World Age Problem Explanation


Recently I have faced the “world age problem” several times. That means, after searching for my problems, this website came up with themes like “world age workaround” or “How to Bypass the World Age Problem”.
I am not a computer scientist, so maybe this is a stupid question, but I have not found a explanation of this problem; where can I get information what actually happens there? Or, more clearly, what is the “World Age Problem”?
As you can imagine, if I google this, I get a lot of information about our Earth’s age…

I am not absolutely sure, if this topic fits the “Usage” category. So if I should have decided another part of this board, I apologize for this.

Thank you in advance.


How to Bypass the World Age Problem does have some information
Seems to be to do with redeclaring functions and/or the order they are defined in, and using eval / @eval

Thank you for this information. I’ve read some pages and maybe, I get an idea.

But I need a starting point to understand this issue completely and want to be sure, that I’ve understood this correctly. Can someone please revise or confirm the following?

Every compilation of a function gets a “time stamp”, here known as world age. If I change dependencies to already compiled functions in a new world and execute my code, I get these errors? (In my case, these functions are parts of packages (e.g. Plots), which heightens the level of complexity to me.)
So, in the end, it is precompilation/recompilation problem, which I can solve by using eval, because @eval forces a new compilation in the latest world (by letting jl_toplevel_eval_flex() decide again, what to do)?

The reason for worlds is because of optimizations. If functions can be defined (and redefined) at arbitrary points (and instantly take effect), then that would limit the possible optimizations that can be made. Therefore, new functions are only made visible to the system (become usable) after hitting toplevel. If you try to call a new function before this, then you get a world error.

In some cases (like if you are writing a REPL), you do actually want to call your newly defined function without hitting toplevel. This can be done by using Base.invokelatest(f, args...) but it will of course prevent certain optimizations in the scope where f is called (it can pretty much not be reasoned about at all, so no inlining or inference).


Check out "running in world age X, while current world is Y" errors for another explanation.

You might also want to share a minimal working example (MWE) of your code. In my experience, world age issues are rather uncommon and perhaps you are using eval in cases where you shouldn’t.


Thank you very much for your answer, kristoffer.carlsson. This helps me a lot.

I will take a closer look at this whole theme on the weekend; especially at your link, mbauman.

If errors related to world age continue to appear, I will let you know and share my code. At the moment, I just want to understand the point in general.

Thank you all!

I would add that requiring modifications to dispatch to take effect immediately is one of those classic behaviors in dynamic languages that makes them hard/impossible to compile without heroic efforts (along with reified local scopes, the ability to add state to objects dynamically at any point, etc. – we should make a list some time). In Julia we’re nipping that one in the bud by defining the language to work in a way that can be implemented in the presence of compilation without insane contortions, namely with world ages that only take effect at the top-level, just the way that @kristoffer.carlsson described.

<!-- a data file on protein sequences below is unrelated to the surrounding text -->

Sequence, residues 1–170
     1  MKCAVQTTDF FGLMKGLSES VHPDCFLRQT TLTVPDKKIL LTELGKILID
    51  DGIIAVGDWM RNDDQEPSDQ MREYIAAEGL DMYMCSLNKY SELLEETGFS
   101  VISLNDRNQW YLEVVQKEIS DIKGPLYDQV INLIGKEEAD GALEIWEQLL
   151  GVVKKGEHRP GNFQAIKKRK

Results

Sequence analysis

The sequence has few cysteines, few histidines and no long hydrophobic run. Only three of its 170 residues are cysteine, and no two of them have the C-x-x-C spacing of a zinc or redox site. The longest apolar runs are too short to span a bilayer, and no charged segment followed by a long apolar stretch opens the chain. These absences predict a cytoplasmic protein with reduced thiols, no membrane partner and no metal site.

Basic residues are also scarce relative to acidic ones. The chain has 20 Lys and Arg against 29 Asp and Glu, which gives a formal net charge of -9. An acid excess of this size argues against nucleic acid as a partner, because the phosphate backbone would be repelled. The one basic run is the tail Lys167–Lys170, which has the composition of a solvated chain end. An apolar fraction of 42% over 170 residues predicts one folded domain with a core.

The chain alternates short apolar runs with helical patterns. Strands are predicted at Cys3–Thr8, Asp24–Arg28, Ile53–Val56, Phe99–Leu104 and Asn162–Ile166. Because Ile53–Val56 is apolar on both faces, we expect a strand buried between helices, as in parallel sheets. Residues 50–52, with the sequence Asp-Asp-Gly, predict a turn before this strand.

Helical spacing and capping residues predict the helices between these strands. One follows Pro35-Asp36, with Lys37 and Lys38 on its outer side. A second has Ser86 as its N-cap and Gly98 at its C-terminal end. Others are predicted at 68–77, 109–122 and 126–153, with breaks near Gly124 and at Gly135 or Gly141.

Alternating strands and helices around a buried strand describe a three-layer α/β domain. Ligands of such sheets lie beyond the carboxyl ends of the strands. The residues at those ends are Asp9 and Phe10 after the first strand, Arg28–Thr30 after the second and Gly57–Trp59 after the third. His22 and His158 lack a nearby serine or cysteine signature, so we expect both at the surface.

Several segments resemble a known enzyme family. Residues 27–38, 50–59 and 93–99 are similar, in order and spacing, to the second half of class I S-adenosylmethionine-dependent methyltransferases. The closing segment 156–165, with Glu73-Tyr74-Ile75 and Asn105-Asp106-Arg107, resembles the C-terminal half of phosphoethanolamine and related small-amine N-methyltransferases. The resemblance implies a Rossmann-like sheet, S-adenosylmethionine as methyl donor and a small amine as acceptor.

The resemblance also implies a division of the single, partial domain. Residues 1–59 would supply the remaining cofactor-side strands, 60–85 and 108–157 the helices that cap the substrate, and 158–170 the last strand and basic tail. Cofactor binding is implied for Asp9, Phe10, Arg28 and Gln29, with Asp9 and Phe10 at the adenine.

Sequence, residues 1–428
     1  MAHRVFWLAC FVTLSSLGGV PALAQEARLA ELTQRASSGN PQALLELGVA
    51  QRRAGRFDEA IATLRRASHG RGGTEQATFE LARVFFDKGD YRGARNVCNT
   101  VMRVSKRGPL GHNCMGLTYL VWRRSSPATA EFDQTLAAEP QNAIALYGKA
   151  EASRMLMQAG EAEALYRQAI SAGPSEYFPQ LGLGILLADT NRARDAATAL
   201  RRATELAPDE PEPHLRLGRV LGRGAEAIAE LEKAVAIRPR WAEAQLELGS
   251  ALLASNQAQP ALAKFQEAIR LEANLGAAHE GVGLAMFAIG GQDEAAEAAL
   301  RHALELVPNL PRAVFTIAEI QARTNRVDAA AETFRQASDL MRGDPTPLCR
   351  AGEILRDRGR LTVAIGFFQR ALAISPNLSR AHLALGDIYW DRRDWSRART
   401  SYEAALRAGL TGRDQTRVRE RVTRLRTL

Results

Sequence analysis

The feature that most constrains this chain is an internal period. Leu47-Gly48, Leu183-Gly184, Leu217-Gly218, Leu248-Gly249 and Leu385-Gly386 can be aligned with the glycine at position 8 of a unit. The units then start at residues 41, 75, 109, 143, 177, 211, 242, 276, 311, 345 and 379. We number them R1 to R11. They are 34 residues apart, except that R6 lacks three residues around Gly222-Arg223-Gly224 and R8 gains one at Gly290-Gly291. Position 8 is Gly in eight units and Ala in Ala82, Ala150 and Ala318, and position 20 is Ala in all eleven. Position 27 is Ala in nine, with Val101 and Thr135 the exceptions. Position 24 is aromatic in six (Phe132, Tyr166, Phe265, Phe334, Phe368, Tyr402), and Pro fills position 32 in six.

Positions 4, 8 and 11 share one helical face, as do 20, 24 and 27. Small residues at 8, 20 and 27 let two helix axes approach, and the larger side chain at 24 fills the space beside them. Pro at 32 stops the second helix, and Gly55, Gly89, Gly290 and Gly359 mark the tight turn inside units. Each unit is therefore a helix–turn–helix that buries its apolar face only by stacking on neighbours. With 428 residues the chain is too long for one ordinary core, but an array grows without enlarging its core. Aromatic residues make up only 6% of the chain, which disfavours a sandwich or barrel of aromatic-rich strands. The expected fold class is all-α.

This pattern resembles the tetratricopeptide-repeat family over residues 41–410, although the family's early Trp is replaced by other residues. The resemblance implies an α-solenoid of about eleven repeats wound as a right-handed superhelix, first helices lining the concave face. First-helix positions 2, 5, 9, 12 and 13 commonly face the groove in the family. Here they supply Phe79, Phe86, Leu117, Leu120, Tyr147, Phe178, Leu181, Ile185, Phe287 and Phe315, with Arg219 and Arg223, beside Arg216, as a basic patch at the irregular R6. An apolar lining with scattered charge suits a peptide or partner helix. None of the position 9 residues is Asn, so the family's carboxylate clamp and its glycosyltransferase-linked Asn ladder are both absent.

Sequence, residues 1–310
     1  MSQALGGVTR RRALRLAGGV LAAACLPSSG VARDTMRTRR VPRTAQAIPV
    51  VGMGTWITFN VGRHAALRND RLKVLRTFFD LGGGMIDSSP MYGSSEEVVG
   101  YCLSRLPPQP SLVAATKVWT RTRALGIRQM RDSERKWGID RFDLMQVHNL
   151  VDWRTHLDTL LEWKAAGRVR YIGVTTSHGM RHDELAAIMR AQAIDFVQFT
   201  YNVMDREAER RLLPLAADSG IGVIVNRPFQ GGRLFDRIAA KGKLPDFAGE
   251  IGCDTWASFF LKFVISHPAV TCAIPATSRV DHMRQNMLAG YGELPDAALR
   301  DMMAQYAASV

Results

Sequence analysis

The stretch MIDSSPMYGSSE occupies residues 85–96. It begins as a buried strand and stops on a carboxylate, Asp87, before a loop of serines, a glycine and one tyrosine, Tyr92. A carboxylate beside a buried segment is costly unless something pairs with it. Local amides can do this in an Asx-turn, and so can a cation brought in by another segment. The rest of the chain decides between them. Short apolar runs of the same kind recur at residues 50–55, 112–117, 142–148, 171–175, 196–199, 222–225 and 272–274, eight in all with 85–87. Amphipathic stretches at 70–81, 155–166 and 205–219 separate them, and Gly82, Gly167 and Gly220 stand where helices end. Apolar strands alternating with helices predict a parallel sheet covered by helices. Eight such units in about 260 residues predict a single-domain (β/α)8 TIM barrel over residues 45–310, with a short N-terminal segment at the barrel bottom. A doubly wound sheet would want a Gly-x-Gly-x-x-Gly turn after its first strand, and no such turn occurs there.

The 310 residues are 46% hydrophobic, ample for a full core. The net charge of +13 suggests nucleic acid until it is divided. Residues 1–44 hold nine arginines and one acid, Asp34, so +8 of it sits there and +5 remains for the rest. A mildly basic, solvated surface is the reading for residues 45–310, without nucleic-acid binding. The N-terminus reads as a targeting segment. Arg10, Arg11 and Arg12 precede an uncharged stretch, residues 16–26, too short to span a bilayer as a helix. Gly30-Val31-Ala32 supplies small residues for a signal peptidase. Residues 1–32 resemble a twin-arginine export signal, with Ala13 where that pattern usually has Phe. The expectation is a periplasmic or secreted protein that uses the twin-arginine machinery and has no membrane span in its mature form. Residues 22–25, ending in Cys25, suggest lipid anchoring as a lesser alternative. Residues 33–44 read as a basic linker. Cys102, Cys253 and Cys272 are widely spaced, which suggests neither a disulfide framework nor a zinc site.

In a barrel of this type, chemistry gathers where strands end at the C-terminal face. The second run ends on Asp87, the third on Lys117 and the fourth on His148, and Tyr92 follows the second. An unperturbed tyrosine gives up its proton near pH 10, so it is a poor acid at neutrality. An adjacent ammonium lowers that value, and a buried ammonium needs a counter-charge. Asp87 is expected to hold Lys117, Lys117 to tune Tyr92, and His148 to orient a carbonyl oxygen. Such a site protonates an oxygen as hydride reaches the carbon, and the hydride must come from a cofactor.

Seel also here for a detailed explanation, and here for an explanation of invokelatest.

It would be nice to have something about this in the manual at some point…


This is a great explanation, thank you! Would you be so kind as to elaborate on “after hitting toplevel” please? What does that mean? Thanks

1 Like

Top level is where the execution hits global scope for example if the code below was a file that we run, I’ve indicated the places where “top level” is reached

<-------------- top level
module M
<-------------- top level
function f(x)
     return x
<-------------- top level
struct Bar
<-------------- top level
<-------------- top level
<-------------- top level

While the term is familiar to users who used some kind of Lisp or similar, I wonder if the manual should define/explain toplevel, as users coming from Matlab/R/Python may not have seen it in this context.


There is now a very good and readable research paper about Julia’s novel world age mechanism as a way to avoid needing on-stack replacement in the presence of eval:

I think one of the most important observations about this is that in the presence of concurrency in a modern compiled system, the classic notion that eval takes immediate effect is actually not well-defined and therefore quite confusing. Saying instead that changes don’t kick in until the next top-level evaluation simplifies the mental model considerably and is actually well-defined. Here’s a twitter thread about the paper:


A minimal example showing this effect:

foo() = "foo"
function makebar()
	res= (foo(), Base.invokelatest(foo))
	@eval foo() = "bar"
fetch.(Threads.@spawn makebar() for i in 1:2)

The standard call to foo() always returns “foo” for both threads, Base.invokelatest(foo) returns “foo” for the thread with the shorter sleep time and “bar” for the other one.


If you want to just demonstrate the basic world age behavior, you don’t need threads or anything, you just evaluate a new function definition in the same local scope before calling it:

f() = 1
function g()
    @eval f() = 2

If you call g once it will return 1, of you call it again it will return 2. If you do this instead:

f() = 1
function g()
    @eval f() = 2

This will return 2 every time you call it.